Livestock News

Grizzly bears stay on endangered species list, ag groups disappointed


The U.S. Fish and Wildlife Service announced the completion of its five-year status review of the grizzly bear population in the lower-48 states and recommend that grizzly bears remain threatened under the Endangered Species Act.

The five-year assessment concluded that while there are robust, recovered populations of grizzly bears, the Fish and Wildlife Service recommends retaining ESA protections across the entire species range.

“Although grizzly bear populations in the Northern Continental Divide and Greater Yellowstone ecosystems are biologically recovered, five-year status reviews must evaluate the status of a species as it is currently listed under the ESA to ensure it is receiving the appropriate level of protection,” the agency said in a press release.

Despite demonstrating success in recovery, the announcement leaves the door open for future reintroduction of grizzly bears in the North Cascades ecosystem — despite years of local opposition, according to the National Cattlemen’s Beef Association.

“Today’s announcement is disappointing to the communities who have done everything right to support the wildly successful recovery of bears in the Northern Rocky Mountain and Greater Yellowstone populations. Local officials, rural families, and ranchers have continually demonstrated their commitment to protecting wildlife species, including grizzly bears, from extinction — even when this work comes at great personal, financial, and ecological cost,” said National Cattlemen’s Beef Association Executive Director of Natural Resources and Public Lands Council Executive Director Kaitlynn Glover. “As FWS goes forward with protections for the grizzly bear, the agency must work with communities to achieve lasting success, rather than continually moving the goal post and using the ESA as a long-term management tool.”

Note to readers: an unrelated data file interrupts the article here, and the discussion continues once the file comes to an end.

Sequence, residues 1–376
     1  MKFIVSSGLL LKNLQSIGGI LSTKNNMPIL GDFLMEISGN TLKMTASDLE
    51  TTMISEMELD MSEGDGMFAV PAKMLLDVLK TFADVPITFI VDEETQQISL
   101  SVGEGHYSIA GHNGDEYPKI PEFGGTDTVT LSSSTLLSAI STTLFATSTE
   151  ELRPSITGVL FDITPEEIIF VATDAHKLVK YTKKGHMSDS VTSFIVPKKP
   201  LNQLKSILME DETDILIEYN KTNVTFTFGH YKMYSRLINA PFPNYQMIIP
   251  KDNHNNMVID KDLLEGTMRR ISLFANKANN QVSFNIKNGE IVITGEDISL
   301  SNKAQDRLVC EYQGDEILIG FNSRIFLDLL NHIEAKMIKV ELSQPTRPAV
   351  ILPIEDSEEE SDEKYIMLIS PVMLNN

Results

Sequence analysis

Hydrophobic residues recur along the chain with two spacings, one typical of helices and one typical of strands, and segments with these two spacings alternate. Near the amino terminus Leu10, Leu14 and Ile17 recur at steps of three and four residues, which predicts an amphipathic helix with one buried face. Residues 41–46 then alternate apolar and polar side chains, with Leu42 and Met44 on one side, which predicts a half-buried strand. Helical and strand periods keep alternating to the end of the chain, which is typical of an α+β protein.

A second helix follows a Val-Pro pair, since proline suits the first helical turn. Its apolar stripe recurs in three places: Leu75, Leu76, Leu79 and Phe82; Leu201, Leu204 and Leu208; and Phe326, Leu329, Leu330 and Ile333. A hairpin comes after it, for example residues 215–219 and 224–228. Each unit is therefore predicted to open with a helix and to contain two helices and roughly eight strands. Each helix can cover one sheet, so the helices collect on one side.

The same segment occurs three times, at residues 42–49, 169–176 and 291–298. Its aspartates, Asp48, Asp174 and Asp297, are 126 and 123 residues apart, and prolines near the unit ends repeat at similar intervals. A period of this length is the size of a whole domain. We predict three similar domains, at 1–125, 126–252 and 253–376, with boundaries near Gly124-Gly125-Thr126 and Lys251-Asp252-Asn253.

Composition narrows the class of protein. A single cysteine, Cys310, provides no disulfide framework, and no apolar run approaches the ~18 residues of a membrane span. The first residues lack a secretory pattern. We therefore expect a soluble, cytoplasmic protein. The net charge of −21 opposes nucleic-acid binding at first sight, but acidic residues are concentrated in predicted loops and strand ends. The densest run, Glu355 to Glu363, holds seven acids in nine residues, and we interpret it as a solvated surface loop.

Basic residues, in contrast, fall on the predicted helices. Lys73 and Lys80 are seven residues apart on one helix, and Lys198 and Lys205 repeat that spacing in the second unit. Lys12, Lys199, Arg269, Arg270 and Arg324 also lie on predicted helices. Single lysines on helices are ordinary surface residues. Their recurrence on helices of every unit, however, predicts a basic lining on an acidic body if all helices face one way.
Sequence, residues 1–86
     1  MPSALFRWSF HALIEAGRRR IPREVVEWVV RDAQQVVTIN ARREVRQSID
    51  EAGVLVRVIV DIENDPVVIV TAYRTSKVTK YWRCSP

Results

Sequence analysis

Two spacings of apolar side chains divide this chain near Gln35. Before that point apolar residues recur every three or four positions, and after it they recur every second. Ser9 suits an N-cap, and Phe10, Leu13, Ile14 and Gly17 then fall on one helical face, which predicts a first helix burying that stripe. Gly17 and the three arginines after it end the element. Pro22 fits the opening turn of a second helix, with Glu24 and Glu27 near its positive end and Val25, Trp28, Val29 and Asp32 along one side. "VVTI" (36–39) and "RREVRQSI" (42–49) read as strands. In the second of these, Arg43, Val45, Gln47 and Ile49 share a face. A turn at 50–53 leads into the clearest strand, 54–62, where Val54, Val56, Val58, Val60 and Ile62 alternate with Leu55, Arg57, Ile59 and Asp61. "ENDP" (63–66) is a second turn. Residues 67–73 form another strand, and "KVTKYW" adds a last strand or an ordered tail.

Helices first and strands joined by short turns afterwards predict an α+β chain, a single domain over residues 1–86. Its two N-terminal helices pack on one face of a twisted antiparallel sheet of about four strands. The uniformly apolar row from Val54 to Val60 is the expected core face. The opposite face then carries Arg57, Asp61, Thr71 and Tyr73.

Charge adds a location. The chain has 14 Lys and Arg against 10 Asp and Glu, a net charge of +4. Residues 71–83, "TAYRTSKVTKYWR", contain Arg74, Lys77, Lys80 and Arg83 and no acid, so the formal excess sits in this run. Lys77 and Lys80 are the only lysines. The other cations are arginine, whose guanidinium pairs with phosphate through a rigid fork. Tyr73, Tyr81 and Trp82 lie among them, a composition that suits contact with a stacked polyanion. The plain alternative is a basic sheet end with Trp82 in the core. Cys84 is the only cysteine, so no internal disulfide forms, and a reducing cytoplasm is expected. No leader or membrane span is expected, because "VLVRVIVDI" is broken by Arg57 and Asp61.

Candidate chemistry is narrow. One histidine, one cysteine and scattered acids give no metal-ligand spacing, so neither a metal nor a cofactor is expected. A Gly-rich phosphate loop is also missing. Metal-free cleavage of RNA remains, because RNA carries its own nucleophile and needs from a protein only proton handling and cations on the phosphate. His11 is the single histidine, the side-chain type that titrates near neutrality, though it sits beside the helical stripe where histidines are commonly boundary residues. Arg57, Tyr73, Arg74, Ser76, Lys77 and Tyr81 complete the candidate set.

In the 46 years since the grizzly bear was first listed as threatened, the species has been a remarkable success story of recovery. As populations have increased, so have conflicts with other wildlife, livestock, and humans, making local engagement and local solutions even more critical.

Cattle producers have long felt the outsized impact of federal decisions made under ESA. Because federal government officials are typically far away from the impacts on the ground, the species management decisions they hand down often lack the flexibility and nuance to be workable in each unique community and ecosystem.

Montana Stockgrowers Association has also been a strong voice in pursuing the delisting of the grizzly bear and allowing each state the ability to manage the species. “Grizzly bear populations in the Northern Continental Divide and Greater Yellowstone ecosystems are biologically recovered and have far exceeded the recovery goals set by the U.S. Fish & Wildlife Service in the Grizzly Bear Recovery Program.

“In fact, the 2018 Annual Report on the Grizzly Bear Recovery Program states that all three recovery criterion have been met in both the Northern Continental Divide and Greater Yellowstone ecosystems. Montana has proven more than capable of managing this species and should have management authority.”

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